Title: Devil Take Me
Authors: Jordan L. Hawk, TA Moore, Ginn Hale, C.S. Poe, Rhys Ford, and Jordan Castillo Price
Publisher: DSP Publications
Length: 450 Pages
Category: Horror, Paranormal
At a Glance: 4.5 Stars overall, Devil Take Me is a wonderful anthology.
Reviewed By: Jovan
Blurb: Temptation lurks around every corner in worlds sometimes dark, sometimes lurid. Giving in is both dangerous and satisfying, though never in the ways one expects. While these enticements offer a vast range of benefits and boons, the cost is a soul and the devil expects his due. Sometimes suave and charming or calculating and cruel, these devils have schemes and desires of their own. They can be creatures to run away from… or toward.
Join the most unique and celebrated authors of LGBT urban fantasy and paranormal fiction for a fast-paced and unpredictable ride, from a city on the other side of reality, to a world suspended in dusk, to a twisted version of the 1960s and 70s.
Meet devils in top hats and waistcoats, a defrocked motorcycle-riding priest, and a genderfluid antihero—among many more. Full of humor, romance, horror, action, intrigue, and magic, these stories have one common element….
They’re one hell of a good time.
Review: Devil Take Me is a wonderful anthology, featuring very well-written novellas that, while all based on the premise of doing a demon/devil a favor to get what you want, illustrates the range and creativity of the authors.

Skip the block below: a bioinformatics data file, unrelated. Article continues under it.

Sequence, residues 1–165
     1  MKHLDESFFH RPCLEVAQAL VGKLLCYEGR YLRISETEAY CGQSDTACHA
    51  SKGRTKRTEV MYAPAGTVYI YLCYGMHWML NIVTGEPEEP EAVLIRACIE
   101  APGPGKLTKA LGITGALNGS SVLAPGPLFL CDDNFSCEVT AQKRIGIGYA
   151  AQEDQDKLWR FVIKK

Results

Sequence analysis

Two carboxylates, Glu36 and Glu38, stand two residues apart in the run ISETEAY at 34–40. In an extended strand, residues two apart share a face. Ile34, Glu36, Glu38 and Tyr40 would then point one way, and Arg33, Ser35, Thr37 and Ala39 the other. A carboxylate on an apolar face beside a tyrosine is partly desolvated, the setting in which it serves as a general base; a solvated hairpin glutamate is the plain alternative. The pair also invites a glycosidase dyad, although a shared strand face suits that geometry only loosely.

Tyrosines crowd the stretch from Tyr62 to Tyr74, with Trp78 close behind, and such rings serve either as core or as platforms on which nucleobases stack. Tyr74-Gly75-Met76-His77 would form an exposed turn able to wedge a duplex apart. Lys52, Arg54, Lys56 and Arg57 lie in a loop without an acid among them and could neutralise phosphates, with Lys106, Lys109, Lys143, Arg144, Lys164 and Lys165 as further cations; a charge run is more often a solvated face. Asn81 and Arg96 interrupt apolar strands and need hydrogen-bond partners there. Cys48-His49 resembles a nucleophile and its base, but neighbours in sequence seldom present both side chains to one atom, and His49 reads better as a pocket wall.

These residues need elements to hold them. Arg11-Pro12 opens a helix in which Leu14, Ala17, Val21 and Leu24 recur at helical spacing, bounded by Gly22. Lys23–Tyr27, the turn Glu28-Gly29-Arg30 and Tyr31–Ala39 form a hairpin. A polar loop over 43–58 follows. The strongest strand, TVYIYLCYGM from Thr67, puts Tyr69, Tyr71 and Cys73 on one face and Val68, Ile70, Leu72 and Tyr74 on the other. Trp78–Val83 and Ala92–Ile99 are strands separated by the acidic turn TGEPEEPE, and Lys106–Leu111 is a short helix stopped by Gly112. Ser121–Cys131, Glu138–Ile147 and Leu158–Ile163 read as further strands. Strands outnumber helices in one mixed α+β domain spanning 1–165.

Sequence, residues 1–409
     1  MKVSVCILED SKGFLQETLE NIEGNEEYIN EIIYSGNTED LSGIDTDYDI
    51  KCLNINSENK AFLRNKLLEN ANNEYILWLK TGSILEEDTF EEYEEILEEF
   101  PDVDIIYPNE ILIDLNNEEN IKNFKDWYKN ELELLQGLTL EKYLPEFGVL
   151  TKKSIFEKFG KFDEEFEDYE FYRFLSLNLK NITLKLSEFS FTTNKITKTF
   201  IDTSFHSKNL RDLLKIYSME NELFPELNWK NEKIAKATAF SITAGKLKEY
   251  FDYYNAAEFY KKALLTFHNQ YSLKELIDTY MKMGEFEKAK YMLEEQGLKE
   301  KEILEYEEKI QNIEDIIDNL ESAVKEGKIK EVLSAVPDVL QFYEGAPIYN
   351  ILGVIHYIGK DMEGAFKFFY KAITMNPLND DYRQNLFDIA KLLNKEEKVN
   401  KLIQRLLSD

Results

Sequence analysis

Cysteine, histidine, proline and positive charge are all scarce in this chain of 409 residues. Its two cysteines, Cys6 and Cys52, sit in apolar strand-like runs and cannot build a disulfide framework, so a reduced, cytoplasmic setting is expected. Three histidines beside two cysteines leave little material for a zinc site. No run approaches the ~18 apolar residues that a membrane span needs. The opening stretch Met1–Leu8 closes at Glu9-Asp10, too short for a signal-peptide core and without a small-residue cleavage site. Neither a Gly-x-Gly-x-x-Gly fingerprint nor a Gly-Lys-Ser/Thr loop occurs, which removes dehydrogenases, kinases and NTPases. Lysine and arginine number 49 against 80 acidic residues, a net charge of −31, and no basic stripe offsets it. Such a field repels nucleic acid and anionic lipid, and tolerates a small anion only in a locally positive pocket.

Infernal Affairs by Jordan L. Hawk:
The anthology kicks off with the lightest in the group, and tells the story of Ralgath, a demon demoted to the Customer Service Intake department after his first day as a crossroads demon goes sideways when he is outwitted by his mortal target, Chess. Ralgath gets a chance at redemption when he is tasked with finding two crossroads demons that have gone missing in the mortal realm; however, he must team up with Chess to do so. In the course of their hunt, the reader learns more about Chess and Ralgath’s very similar motivations and the depth of the connection they forged the night they fuc—met. This story was the most romance-centric and sweetest, with the human and demon realms really only distinguishable by the look of the demons. Hawk definitely upended my expectations of Ralgath, and I’m still not sure how I feel about a crossroads demon being so bent out of shape for being used. Upset that a human got the upper hand—absolutely—salty and hurt for being used. . .jury’s still out on that one, but Ralgath’s hurt feelings fit with the tone and conceptualization of the supernatural world in this fun mystery caper with its very human demons who catch colds and who will do anything to escape their crappy jobs.
Collared by TA Moore: